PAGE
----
Djibouti: Changing Influence in the Horn’s Strategic Hub

April 21, 2013


Change in Djibouti’s economic and strategic options has been driven by four factors: the Ethiopian–Eritrean war of 1998–2000, the impact of Ethiopia’s economic transformation and growth upon trade; shifts in US strategy since 9/11, and the upsurge in piracy along the Gulf of Aden and Somali coasts.

With the expansion of the US AFRICOM base, the reconfiguration of France’s military presence and the establishment of Japanese and other military facilities, Djibouti has become an international maritime and military laboratory where new forms of cooperation are being developed.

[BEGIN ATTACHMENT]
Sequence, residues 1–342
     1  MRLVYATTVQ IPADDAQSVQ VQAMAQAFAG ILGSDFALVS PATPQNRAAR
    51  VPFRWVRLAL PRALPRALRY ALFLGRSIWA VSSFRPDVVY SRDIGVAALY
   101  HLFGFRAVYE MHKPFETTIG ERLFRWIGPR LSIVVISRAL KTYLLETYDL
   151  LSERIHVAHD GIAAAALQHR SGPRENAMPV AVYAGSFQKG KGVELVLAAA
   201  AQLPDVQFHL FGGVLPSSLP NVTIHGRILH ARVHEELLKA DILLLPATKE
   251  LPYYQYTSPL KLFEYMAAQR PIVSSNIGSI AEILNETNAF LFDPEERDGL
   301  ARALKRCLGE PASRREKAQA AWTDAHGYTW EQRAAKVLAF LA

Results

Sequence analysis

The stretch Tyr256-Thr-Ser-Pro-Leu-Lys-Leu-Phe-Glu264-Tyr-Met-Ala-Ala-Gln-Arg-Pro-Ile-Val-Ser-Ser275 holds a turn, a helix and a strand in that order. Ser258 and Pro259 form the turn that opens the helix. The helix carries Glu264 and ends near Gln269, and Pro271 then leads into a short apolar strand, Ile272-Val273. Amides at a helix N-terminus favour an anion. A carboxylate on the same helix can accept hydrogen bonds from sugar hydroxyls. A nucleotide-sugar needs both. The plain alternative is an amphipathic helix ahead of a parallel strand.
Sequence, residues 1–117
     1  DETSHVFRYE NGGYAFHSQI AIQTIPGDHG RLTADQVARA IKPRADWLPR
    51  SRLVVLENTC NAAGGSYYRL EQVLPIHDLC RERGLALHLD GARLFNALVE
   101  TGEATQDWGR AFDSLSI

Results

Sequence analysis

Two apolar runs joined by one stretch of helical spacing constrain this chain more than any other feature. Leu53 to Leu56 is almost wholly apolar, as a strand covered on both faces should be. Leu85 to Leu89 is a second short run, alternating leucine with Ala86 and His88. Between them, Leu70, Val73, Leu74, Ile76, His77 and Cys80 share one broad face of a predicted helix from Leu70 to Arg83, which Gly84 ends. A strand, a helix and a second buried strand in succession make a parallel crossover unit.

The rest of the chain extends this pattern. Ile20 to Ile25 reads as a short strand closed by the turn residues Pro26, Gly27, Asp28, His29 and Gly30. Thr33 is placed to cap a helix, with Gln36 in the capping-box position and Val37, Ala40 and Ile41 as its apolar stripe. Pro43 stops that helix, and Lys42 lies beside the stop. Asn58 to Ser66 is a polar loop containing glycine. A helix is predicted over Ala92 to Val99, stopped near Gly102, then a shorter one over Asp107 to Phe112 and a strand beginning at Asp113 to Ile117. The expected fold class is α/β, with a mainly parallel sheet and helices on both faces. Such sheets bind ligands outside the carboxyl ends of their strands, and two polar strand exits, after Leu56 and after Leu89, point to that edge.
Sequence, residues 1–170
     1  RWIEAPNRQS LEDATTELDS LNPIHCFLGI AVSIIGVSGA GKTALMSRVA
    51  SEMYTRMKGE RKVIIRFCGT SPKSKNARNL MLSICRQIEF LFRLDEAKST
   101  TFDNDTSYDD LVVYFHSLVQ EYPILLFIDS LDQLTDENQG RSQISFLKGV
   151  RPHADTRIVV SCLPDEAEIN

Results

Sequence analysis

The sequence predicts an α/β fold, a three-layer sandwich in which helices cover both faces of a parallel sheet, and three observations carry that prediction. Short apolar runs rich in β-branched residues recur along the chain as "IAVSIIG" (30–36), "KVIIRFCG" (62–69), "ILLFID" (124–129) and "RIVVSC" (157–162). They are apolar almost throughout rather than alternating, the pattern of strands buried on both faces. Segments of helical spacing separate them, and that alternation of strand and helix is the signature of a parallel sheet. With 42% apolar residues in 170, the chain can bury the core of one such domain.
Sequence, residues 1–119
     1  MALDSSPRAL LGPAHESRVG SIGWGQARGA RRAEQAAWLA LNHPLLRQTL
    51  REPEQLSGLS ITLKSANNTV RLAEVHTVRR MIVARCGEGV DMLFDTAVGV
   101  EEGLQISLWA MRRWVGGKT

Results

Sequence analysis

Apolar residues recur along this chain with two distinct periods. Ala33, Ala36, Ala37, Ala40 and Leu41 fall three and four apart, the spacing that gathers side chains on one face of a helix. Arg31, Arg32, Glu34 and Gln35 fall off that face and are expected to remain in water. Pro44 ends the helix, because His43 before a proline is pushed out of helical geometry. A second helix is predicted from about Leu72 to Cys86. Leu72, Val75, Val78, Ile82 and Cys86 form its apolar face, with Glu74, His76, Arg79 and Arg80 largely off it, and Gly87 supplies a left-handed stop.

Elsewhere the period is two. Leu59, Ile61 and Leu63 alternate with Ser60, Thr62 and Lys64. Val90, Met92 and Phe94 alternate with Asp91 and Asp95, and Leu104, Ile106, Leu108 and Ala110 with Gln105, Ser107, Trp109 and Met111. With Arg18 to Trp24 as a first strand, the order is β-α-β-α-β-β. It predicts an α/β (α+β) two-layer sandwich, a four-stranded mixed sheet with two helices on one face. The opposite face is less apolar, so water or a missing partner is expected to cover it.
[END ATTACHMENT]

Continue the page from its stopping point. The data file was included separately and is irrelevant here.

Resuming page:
Djibouti has accelerated plans for regional economic integration. Building on close ties with Ethiopia, existing port upgrades and electricity grid integration will be enhanced by the development of the northern port of Tadjourah.

These strategic and economic shifts have yet to be matched by internal political reforms, and growth needs to be linked to strategies for job creation and a renewal of domestic political legitimacy.

Click here to read the Chatham House report